Our House

..in the middle of our street.

We will not be discussing the embarrassment that was last night’s LSU “game.”

Friends are in town, and we had lunch with them at Commander’s Palace yesterday, which was lovely. I didn’t read the menu carefully and got something that had fried eggs on the top–which ran with yolk when you broke it; shudder–but I simply pushed them away with my fork and ate everything else. I was very tired after that, and came home, worked for a little while, and then curled up with Liane Moriarty’s The Husband’s Secret. I had read Big Little Lies concurrently with watching the HBO series, and enjoyed both the book and the show, so wanted to read another one of her novels. I wasn’t quite sure what I was expecting with this one–the jacket blurb mentioned that a wife finds a sealed envelope addressed to her from her husband, with the words To be opened only in the event of my death.

I would have opened it immediately, of course.

the husband's secret

It was all because of the Berlin Wall.

If it weren’t for the Berline Wall, Cecilia would never have found the letter, and then she wouldn’t be sitting here, at the kitchen table, willing herself not to rip it open.

The envelope was gray with a fine layer of dust. The words on the front were written in a scratchy blue ballpoint pen, the handwriting as familiar as her own. She turned it over. It was sealed with a yellowing piece of sticky tape. When was it written? It felt old, like it was written years ago, but there was no way  of knowing for sure.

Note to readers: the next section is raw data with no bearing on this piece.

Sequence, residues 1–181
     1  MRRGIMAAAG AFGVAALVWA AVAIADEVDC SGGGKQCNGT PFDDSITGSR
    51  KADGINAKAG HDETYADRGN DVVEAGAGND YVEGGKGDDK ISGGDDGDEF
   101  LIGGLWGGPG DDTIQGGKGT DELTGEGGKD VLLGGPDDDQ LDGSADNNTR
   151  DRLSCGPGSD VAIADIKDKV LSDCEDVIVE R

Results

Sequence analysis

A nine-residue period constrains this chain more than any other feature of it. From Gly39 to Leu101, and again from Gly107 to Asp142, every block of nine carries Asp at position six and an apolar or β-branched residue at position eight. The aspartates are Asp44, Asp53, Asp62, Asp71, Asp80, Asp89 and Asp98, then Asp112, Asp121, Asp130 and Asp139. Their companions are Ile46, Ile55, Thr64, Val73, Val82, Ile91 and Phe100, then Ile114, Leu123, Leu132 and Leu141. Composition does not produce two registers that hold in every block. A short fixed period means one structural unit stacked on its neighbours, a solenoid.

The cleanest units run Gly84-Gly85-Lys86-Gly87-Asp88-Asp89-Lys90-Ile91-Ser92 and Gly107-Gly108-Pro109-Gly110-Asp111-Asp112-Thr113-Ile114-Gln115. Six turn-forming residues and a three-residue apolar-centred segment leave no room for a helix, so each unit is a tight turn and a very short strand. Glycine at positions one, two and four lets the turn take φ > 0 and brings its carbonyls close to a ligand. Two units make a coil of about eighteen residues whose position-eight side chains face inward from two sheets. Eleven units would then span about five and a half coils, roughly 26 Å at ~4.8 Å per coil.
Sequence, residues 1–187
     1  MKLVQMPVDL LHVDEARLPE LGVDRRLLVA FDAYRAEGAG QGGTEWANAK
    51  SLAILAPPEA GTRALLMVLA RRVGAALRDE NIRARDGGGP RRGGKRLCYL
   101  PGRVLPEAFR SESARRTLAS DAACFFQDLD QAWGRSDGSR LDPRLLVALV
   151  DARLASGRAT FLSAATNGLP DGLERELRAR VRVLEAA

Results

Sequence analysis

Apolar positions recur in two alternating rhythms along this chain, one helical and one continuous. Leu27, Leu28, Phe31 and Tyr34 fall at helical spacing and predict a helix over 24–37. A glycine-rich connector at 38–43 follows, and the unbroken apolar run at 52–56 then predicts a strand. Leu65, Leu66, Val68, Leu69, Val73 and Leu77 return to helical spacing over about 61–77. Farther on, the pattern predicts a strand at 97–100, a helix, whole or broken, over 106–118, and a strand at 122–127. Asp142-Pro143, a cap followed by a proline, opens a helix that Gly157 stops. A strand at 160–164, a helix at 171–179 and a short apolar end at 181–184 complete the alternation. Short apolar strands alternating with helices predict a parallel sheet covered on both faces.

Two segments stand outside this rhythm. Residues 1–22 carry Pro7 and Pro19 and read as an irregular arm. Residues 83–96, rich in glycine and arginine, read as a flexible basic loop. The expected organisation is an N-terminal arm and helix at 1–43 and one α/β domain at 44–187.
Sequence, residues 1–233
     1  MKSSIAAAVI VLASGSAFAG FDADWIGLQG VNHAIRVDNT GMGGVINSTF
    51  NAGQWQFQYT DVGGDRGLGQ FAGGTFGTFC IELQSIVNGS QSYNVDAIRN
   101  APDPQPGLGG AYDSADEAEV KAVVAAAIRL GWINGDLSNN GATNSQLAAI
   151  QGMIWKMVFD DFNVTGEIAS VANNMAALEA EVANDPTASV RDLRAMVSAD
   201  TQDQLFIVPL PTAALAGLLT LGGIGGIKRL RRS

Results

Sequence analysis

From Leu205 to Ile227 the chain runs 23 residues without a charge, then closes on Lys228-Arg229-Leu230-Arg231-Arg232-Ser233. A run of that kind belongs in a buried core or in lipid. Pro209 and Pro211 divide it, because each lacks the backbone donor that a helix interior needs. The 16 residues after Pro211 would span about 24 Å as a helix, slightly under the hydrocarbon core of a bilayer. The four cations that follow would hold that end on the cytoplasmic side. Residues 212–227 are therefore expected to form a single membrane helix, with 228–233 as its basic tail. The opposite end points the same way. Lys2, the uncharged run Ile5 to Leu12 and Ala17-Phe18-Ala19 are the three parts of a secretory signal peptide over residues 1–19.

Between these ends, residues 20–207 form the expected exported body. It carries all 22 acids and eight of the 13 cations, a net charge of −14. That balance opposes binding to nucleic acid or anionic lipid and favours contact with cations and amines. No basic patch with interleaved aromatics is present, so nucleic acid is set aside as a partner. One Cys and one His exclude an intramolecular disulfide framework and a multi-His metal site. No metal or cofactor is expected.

She wasn’t going to open it. It was absolutely clear that she should not open it. She was the most decisive person she knew, and she’d already decided not to open the letter, so there was nothing more to think about.

Although, honestly, if she did open it, what would be the big deal? Any woman would open it like a shot. She listed all her friends and what their responses would be if she were to ring them up right now and ask what they thought.

Liane Moriarty is compulsively readable. And that’s not a quality in an author that should be dismissed lightlyAs I mentioned the other day with Louise Penny, it’s hard to classify Moriarty’s work; there’s a crime involved, but is it really crime fiction? I’m not sure it’s marketed that way; this book has a jacket blurb from Anne Lamott, for example, rather than Sue Grafton or Sara Paretsky. She is an enormous bestseller; which is no small feat for an Australian writer to accomplish in the United States, particularly when she is writing about Australia (although Colleen McCullough was quite successful in the US with The Thorn Birds, before she turned to ancient Rome). She structures her books around three women as the main characters; and she writes about the issues that concern women–I suppose, in a way, her novels could be classified as modern domestic suspense. Like the previous masters of domestic suspense (a classification title I am still not entirely convinced I like), she writes about every day women thrust into extraordinary situations, and she also shoehorns in some brilliant social commentary along with social issues, like Margaret Millar and Charlotte Armstrong and Dorothy B. Hughes did. The books are, as I said, compulsively readable and hard to set aside until you’ve reached the end.